Charvel Pro Mod San Dimas Review
The reemergence of off-the-shelf, production line Charvels in 2008 was met hungrily by players, as if the company were the world’s only supplier of superstrats and we’d been forced to subsist on big box jazz plinkers since 1987. Riding on the nostalgia of a thirtysomething demographic, the new models soon backed it up as word of their worthiness spread rapidly from early adopters.
At a price rigorously pared down to $999 list with zero street margin, for US-built guitars with a beloved 30 year reputation, they were pitched perfectly: just under that magic cutoff point for the growing shredder looking for a serious upgrade, and in positively impulse-buy territory for the wealthier professional looking to add one or two fun candy colored hotrods to his man cave. This latter market Charvel teased and tortured splendidly; offering each batch of striking paint jobs and off-spec wildcard models in only short bursts leant the guitars a get-‘em-while-they’re-hot urgency.
That feeling possibly proved more accurate than Charvel had planned when, after just 18 months or so on the market, it was announced in March, 2010, that the eighth batch would be the last of the revived US production line to leave the factory. Like having your favorite show canceled halfway into the second season, this was glum news.
In August, though, hope. Production would move to Japan.
Here, then, is my Japanese Charvel San Dimas Style 1 2H in Ferrari Red, bought last Thanksgiving, an example of Charvel’s second foray into the Pacific, and with serial no. 769 probably an early one. Though the move can only have been economic, Japan is hardly China in terms of wages and overheads, yet the new Pro Mods cost $100 less at $899 with the same zero street margin, and come with an excellent, tightly fitted hard case; the US versions, even as they rose to $1099, came only with gig bags. Someone pulling the strings knows a thing or two about the impact of over-delivering.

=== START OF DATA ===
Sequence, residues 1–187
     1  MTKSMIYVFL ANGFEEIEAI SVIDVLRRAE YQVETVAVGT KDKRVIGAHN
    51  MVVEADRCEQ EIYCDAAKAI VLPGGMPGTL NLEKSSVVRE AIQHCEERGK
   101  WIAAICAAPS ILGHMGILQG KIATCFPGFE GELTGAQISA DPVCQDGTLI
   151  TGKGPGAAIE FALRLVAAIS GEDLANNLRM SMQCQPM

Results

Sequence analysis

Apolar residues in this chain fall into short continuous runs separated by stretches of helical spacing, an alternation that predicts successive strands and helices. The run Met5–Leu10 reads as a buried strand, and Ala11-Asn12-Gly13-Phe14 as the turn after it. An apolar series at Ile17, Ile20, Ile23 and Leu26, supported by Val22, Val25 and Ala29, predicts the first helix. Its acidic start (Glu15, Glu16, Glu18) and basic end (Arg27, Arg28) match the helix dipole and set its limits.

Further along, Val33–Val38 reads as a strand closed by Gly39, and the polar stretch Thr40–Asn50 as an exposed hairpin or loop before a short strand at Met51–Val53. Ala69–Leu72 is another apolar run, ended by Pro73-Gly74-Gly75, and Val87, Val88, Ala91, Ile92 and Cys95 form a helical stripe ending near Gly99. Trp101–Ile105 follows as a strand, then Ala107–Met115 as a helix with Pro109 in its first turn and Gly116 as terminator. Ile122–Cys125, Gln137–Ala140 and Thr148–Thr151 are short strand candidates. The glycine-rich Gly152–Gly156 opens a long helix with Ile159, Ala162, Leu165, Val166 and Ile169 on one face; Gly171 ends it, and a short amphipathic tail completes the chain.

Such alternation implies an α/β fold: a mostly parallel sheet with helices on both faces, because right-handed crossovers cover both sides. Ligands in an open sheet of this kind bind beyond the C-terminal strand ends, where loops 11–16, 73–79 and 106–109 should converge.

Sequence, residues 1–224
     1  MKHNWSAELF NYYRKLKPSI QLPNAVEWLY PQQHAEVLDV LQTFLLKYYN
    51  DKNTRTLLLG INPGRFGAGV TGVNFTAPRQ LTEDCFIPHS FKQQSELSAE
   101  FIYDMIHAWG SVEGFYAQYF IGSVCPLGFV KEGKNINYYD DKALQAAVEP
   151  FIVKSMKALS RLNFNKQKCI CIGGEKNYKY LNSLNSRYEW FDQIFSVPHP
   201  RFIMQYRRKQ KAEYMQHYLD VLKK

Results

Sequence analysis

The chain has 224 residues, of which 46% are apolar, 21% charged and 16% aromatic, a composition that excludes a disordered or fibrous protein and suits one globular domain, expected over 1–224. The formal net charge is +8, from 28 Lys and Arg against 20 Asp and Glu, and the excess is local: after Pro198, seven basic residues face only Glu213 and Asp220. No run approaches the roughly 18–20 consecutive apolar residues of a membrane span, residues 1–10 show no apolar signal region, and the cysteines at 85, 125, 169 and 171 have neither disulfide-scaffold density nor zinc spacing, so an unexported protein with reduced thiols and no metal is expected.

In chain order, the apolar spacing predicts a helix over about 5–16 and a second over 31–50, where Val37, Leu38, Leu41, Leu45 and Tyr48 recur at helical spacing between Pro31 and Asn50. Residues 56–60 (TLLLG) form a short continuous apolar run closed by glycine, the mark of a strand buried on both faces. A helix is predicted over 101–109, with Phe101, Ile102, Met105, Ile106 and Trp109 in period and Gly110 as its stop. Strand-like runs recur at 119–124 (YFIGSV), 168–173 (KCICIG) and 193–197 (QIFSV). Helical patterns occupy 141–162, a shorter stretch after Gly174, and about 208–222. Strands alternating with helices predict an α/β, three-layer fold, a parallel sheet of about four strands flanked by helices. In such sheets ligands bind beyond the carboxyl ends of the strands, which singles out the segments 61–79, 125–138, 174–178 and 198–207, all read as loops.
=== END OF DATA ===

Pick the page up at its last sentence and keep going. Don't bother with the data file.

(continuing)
And inside the case? Good god, look at that red. Look at it. Not since a greasy teenager, drunk with lust over the flourescent yellows, pinks and greens of the Ibanez Jem 777, have I been so drawn to a guitar for its paint. Against the unlaquered maple, chrome hardware and black pickups, it could be the Jack Butler vibe, though I suspect it might be just as sexy in a world in which Crossroads was not worn into my skull.
The pickups, a Duncan JB (bridge) and ’59 (neck), are direct mounted on the made-in-Japan San Dimas versus pickup ring mounted on the US version. Though it’s a small change, it’s a handsome, streamlining one, and makes the guitar look more modern, less clunky.
Its dry, oil-finished one-piece maple neck is treated with an unnatural looking flat yellow stain that glows like powdered eggs; the plain chalky-beige maple would have been fine. There’s a heavy knurled chrome volume knob and a strange fluted 3-way toggle switch tip (see video for closeup) that’s often swapped out. I like the jack: it’s thoughtfully placed further back than you’d expect, so you don’t mash your cable even if playing on the floor. The case includes strap locks, two hex wrenches, a mount with screws if you want to keep those wrenches handy on the back of the headstock, and the tremolo arm.